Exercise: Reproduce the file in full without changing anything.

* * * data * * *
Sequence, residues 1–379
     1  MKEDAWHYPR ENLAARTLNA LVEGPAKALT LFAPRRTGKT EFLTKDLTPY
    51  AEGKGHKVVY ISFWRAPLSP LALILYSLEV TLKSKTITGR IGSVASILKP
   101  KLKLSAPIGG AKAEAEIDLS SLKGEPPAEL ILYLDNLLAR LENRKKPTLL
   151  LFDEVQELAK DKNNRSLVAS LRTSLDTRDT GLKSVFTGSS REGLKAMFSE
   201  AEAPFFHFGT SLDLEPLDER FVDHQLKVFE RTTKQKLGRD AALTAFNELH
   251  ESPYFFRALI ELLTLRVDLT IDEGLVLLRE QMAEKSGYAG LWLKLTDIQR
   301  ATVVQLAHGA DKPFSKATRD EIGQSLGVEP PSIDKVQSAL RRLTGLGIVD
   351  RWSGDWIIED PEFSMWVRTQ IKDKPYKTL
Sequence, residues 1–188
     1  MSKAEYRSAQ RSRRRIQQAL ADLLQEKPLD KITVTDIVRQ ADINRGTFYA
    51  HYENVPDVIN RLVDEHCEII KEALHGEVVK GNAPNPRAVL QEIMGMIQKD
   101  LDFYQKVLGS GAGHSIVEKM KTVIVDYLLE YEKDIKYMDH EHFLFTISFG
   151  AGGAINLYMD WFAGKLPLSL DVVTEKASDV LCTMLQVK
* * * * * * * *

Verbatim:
Sequence, residues 1–379
     1  MKEDAWHYPR ENLAARTLNA LVEGPAKALT LFAPRRTGKT EFLTKDLTPY
    51  AEGKGHKVVY ISFWRAPLSP LALILYSLEV TLKSKTITGR IGSVASILKP
   101  KLKLSAPIGG AKAEAEIDLS SLKGEPPAEL ILYLDNLLAR LENRKKPTLL
   151  LFDEVQELAK DKNNRSLVAS LRTSLDTRDT GLKSVFTGSS REGLKAMFSE
   201  AEAPFFHFGT SLDLEPLDER FVDHQLKVFE RTTKQKLGRD AALTAFNELH
   251  ESPYFFRALI ELLTLRVDLT IDEGLVLLRE QMAEKSGYAG LWLKLTDIQR
   301  ATVVQLAHGA DKPFSKATRD EIGQSLGVEP PSIDKVQSAL RRLTGLGIVD
   351  RWSGDWIIED PEFSMWVRTQ IKDKPYKTL
Sequence, residues 1–188
     1  MSKAEYRSAQ RSRRRIQQAL ADLLQEKPLD KITVTDIVRQ ADINRGTFYA
    51  HYENVPDVIN RLVDEHCEII KEALHGEVVK GNAPNPRAVL QEIMGMIQKD
   101  LDFYQKVLGS GAGHSIVEKM KTVIVDYLLE YEKDIKYMDH EHFLFTISFG
   151  AGGAINLYMD WFAGKLPLSL DVVTEKASDV LCTMLQVK